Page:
As many are aware, the California legislature enacted in 1971 an outside
10 year limit in which to bring property damage claims arising from latent
construction defects. See, Code of Civil Procedure section 337.15. The "absolute
10 year period" applies regardless of when the defect is discovered. See, Lantzy
v. Centex Homes (2003) 31 Ca1.4th 363. However, there are three important
exceptions, one of which has been expanded by the Court of Appeal decision,
issued January 12, 2009, in Pine Terrace Apartments, L.P. v. Windscape, LLC
(2008) Westlaw 68877 ("Pine Terrace case" or "Pine Terracell
) as discussed herein.
The most important exceptions to the "10year absolute" limit are:
(1) where the defendant has induced plaintiffs to delay in filing suit, i.e.
equitable estoppel, Lantzy v. Centex Homes (2003)31 Ca1.4th363;
(2) where the suit against the developer or general contractor has been
brought timely, then a cross-complaint for indemnity may be brought
later on against a subcontractor even though a direct suit against the
subcontractor would be time barred at the time the cross-complaint for
indemnity was filed, Valley Circle Estates v. VTN Consolidated, Inc.
(1983)33 Ca1.3d604; and
(3) actions based on willful misconduct or fraudulent concealment, Code
of Civil Procedure, section 337.15(f).
The Court in Pine Terrace, in a case of first impression, ruled that the
exemption from the 10 year statute of limitations for "actions based on willful
misconduct" applies to cross-complaints for indemnity and that an indemnity
claim involving willful misconduct may be asserted against a subcontractor
merely' by incorporating by reference allegations contained in a complaint which
alleges willful misconduct against the developer.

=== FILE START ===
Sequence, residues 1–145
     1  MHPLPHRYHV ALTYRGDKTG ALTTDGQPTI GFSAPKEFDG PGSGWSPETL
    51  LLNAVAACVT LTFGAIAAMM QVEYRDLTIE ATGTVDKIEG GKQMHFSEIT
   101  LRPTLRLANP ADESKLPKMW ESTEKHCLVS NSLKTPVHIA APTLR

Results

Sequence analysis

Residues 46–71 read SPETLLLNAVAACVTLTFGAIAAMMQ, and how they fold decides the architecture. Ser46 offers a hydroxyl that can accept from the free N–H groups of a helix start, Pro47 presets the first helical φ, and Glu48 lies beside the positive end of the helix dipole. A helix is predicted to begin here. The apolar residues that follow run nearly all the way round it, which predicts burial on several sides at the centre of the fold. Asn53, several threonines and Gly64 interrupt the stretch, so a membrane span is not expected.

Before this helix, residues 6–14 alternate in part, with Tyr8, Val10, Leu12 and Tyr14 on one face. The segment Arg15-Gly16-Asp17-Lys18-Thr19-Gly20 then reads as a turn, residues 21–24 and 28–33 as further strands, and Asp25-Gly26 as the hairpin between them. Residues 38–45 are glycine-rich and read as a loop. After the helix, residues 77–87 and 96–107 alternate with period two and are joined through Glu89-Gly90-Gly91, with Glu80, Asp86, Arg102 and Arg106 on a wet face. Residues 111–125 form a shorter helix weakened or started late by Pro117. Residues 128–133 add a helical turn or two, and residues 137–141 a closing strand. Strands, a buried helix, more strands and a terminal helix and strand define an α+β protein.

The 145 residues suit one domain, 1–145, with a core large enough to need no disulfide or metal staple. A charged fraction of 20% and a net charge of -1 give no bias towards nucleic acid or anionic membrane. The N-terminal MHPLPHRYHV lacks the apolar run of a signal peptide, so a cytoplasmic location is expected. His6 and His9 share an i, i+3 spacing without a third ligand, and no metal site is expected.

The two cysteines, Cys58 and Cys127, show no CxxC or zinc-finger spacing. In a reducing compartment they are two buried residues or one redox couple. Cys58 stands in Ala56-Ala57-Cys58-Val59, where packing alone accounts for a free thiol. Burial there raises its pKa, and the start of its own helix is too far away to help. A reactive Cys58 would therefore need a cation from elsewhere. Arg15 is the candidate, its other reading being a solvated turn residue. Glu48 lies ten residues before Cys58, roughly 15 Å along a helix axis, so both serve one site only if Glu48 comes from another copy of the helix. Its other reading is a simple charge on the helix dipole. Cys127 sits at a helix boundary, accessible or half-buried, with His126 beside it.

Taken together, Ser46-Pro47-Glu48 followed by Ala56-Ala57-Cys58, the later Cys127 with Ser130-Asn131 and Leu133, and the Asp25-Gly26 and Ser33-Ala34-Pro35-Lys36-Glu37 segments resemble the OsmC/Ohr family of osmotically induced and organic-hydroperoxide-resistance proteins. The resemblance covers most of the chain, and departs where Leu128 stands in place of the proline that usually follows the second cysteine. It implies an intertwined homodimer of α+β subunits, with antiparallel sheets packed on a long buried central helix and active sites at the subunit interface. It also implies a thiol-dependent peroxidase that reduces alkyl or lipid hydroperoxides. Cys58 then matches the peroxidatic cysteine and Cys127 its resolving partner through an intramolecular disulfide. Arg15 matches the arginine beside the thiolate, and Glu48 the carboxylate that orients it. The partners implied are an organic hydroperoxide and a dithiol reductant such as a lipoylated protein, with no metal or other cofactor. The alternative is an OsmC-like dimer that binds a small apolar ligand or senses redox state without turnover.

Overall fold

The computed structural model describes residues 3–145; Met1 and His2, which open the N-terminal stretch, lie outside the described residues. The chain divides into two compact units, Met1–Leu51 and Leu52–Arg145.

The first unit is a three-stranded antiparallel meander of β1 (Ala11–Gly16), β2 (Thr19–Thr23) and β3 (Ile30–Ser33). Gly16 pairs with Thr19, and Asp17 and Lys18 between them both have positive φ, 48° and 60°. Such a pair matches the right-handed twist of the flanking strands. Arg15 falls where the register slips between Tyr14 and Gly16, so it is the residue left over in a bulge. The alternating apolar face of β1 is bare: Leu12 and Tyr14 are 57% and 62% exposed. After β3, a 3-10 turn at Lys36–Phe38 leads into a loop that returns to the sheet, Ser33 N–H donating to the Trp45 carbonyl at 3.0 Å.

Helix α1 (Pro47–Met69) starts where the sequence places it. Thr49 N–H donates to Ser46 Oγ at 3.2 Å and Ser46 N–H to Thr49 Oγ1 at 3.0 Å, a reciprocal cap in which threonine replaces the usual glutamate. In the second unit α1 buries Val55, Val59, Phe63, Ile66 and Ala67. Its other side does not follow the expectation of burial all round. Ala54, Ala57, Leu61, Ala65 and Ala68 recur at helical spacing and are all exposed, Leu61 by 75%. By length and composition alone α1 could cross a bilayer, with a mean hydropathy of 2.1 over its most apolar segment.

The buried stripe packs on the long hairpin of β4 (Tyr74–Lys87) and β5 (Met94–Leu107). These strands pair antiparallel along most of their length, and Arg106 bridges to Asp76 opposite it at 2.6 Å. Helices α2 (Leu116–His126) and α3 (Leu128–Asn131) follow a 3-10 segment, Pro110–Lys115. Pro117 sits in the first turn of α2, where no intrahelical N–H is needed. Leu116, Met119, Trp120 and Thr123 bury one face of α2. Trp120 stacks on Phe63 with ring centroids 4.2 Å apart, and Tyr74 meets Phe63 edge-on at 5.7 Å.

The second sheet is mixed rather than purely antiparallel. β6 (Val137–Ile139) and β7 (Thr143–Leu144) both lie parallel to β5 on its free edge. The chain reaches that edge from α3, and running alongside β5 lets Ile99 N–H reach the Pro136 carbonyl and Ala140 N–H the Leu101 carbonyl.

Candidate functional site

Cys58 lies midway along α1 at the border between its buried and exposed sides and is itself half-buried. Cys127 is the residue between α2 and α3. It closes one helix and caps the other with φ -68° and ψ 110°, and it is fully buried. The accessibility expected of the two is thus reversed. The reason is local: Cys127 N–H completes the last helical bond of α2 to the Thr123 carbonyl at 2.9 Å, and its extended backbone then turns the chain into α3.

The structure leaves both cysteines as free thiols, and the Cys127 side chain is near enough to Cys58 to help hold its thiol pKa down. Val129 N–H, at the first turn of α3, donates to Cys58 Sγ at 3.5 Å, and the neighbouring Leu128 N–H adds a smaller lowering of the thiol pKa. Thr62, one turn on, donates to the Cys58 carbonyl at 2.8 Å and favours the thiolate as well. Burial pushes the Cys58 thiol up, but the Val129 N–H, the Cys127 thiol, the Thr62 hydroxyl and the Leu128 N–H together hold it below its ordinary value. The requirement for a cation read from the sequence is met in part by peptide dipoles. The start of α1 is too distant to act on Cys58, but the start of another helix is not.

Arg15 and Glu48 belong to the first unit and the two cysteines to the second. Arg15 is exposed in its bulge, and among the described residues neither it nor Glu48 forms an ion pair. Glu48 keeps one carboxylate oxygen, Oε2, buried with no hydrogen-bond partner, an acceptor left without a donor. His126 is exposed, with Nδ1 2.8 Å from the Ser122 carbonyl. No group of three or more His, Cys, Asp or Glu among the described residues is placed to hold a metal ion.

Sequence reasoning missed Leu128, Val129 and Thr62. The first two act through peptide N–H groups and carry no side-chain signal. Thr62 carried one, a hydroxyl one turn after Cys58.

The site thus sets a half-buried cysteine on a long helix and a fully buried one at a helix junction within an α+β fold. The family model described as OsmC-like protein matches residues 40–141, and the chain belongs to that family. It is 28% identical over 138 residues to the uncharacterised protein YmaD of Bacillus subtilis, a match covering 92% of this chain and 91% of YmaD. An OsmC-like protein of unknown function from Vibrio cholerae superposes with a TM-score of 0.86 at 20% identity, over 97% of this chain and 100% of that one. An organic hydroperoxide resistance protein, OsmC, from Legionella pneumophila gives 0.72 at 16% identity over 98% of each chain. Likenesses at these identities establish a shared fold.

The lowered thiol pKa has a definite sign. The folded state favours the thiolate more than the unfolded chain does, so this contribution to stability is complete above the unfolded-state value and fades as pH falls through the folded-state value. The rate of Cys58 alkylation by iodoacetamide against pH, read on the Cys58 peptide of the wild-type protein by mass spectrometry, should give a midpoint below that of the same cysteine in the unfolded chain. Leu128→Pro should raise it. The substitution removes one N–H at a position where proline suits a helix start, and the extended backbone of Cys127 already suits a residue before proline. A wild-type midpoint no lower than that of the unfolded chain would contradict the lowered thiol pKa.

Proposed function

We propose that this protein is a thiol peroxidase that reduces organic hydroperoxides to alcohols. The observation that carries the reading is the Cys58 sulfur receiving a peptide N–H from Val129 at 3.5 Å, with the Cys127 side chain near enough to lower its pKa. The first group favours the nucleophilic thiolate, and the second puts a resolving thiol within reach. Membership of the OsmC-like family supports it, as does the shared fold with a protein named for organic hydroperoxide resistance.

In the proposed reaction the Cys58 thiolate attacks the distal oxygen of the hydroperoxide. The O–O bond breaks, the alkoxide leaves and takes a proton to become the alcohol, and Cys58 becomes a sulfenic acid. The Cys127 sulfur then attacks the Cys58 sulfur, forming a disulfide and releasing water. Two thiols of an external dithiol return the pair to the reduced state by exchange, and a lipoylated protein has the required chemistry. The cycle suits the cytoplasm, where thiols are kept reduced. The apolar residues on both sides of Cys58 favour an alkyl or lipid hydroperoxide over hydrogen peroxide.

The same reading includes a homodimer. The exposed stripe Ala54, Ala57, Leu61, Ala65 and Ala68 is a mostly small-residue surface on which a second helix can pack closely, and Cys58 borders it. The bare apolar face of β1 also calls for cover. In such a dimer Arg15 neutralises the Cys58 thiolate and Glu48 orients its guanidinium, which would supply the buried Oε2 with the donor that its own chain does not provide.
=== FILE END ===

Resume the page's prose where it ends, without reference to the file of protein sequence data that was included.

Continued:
The facts of the Pine Terrace case are relatively routine: a 256 apartment
unit complex was developed in Fresno in or about 1989 and was completed in
the early 1990s (there were factual disputes involving notices of completion
which were recorded in 1990 or 1991). The complex was held by the developer
or related entities until 2003 when it was sold to the plaintiff buyer. In 2004, the
plaintiff buyer filed suit against the developer (and seller) and alleged that the
complex was so defectively built that the defendants' conduct amounted to
willful misconduct. The signature claim involving defects concerned a claim that
windows were installed without any flashing.
The developer defendant then filed suit in 2006 against the architect and
two subcontractors for indemnity. The developer defendant's cross-complaint
did not allege willful misconduct butdid incorporate the complaint by reference.
A series of dispositive motions followed. As pertinent here, the trial court ruled
that triable issues of material fact existed regarding the willful misconduct
exemption against the developer defendant but further ruled that the indemnity
cross-defendants were entitled to summary judgment as the 10 year statute of
limitations period had run as to them.
On appeal, the Court of Appeal ruled that, while the developer defendant
had not plead or provided evidence of willful misconduct on the part of the
subcontractors, the developer defendant's incorporation by reference of the
complaint in the indemnity cross-complaint was sufficient by itself to trigger the
exemption under Code. of Civil Procedure section 337.15(f) as against the
subcontractors. The Court of Appeal further ruled, consistent with the decision
in Valley Circle Estates v. VTN Consolidated, Inc. (1983)33 Ca1.3d604, that crosscomplaints
for indemnity are not barred by the ten year period so long as the
plaintiff has timely filed suit against the defendant seeking indemnity.
The Pine Terrace decision will certainly have its impacts. In cases where
there has been willful misconduct on the part of the developer, indemnity crosscomplaints
may be asserted against subcontractors by merely incorporating the
complaint by reference and without any evidence of willful misconduct against
About the Authors: Edward F. Morrison, Jr. is the founding partner and Larry A.
Schwartz is of counsel to The Morrison Law Group, a professional corporation.
Their biographies can be viewed at www.morrisonlawgroup.com.